“By thinking the worst, you’d immediately see a doctor,” Edi explained. “[The symptoms] may [turn out not to be] be cancer, but if it is, we’d be grateful that it’s diagnosed early.”
Do not delay
Early or not, a cancer diagnosis would serve as a massive blow to any family.
“Parents should try to accept the diagnosis with a brave heart and trust the doctor for their children’s treatments,” Sylviana Andinisari said.
While a family discussion for deciding the next step is necessary, parents should not delay in commencing cancer treatments for their children.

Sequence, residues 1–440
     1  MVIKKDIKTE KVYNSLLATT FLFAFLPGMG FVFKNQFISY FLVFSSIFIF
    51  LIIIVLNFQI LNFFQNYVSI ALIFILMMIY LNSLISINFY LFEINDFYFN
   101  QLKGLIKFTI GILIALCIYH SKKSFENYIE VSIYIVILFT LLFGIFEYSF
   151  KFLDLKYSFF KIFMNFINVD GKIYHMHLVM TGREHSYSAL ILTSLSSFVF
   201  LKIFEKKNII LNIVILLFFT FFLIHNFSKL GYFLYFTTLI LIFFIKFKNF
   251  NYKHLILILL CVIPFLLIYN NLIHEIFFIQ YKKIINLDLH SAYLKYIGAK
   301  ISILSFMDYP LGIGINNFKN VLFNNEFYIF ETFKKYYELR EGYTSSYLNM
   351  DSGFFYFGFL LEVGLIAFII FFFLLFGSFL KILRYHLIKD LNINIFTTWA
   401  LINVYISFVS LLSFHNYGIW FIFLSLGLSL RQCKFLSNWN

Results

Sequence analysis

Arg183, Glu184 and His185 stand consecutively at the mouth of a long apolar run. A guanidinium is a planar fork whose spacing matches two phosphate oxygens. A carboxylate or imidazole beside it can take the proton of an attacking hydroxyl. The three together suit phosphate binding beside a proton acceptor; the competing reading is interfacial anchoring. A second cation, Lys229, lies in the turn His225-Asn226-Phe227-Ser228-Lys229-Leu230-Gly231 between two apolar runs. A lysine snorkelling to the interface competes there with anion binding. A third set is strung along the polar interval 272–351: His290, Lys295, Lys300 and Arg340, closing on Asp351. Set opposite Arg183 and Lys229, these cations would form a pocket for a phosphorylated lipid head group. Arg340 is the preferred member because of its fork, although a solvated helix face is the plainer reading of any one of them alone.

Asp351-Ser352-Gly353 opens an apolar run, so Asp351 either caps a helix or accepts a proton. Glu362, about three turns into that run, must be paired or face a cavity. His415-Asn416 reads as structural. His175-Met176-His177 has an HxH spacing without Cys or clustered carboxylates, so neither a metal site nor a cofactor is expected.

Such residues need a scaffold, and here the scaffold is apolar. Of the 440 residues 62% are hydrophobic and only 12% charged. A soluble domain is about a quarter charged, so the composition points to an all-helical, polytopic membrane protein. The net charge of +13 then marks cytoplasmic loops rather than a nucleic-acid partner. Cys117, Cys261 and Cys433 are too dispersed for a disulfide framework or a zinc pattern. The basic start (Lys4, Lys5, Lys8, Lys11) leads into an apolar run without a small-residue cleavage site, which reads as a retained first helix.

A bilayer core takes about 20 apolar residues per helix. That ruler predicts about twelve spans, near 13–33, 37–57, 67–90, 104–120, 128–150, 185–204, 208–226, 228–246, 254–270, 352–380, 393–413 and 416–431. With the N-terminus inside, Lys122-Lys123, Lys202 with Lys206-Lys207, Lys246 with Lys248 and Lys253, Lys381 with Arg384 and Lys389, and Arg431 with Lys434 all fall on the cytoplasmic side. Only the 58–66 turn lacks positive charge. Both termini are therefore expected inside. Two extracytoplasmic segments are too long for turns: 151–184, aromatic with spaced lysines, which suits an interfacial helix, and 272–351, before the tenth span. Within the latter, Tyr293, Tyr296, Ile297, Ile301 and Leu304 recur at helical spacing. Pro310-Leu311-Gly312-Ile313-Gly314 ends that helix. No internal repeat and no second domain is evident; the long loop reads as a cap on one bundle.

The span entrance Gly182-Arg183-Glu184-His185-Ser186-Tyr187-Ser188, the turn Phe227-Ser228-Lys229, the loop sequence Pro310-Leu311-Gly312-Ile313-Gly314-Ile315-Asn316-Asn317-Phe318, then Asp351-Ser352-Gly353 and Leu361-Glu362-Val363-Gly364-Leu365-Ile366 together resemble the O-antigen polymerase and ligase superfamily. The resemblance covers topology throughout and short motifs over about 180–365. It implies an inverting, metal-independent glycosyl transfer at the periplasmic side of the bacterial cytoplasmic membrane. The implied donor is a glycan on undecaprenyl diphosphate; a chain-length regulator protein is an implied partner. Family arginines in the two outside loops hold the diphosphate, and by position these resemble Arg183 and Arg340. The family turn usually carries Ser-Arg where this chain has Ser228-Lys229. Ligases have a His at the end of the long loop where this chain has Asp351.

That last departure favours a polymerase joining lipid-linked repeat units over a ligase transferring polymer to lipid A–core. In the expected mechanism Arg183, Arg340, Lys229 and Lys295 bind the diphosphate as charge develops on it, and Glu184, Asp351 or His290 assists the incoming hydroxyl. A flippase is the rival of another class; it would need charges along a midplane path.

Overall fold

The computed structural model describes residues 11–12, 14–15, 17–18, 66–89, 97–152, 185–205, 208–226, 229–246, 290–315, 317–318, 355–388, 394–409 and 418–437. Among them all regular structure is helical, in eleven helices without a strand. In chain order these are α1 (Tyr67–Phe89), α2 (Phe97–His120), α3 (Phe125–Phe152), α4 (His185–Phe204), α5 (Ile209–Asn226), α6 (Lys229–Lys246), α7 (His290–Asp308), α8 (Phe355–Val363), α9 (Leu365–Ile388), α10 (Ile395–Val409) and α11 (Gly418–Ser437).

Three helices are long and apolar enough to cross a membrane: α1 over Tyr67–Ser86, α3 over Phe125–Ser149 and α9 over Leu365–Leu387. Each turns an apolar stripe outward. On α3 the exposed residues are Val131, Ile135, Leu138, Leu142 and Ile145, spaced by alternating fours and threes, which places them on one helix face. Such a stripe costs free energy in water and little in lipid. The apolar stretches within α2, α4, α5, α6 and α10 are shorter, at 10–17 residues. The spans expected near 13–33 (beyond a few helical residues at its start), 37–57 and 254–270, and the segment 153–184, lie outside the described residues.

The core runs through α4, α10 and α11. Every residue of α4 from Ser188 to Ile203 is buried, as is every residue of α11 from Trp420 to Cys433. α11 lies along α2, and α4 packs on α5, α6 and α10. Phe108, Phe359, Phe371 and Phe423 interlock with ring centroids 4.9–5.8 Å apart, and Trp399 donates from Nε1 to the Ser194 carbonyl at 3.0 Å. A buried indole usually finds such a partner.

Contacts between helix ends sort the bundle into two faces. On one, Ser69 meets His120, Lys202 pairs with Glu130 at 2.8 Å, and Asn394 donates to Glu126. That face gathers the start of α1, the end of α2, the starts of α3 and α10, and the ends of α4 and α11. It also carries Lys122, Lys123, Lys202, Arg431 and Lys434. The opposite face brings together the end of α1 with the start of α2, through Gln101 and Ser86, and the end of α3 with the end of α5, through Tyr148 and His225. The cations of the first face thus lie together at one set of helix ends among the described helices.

“Rapat keluarga [family discussions], involving the extended family, are very common in Indonesia, but parents should not tarry,” Edi said. “Cancers will not just sit there. If left alone, they will grow and expand, thus harming the child’s life.”
There are three main cancer treatments: chemotherapy, radiotherapy and surgery.
“What often happens in Indonesia is that parents, who fear the side effects of the treatments, take their child to consult a dukun [shaman],” Sylviana said. “They would only return to the (medical) doctor when the [shaman’] therapy doesn’t work and their child’s condition has become worse.”
“By then, it’s usually too late to do anything,” Sylviana added.
Cancer treatments indeed have horrible side effects on patients.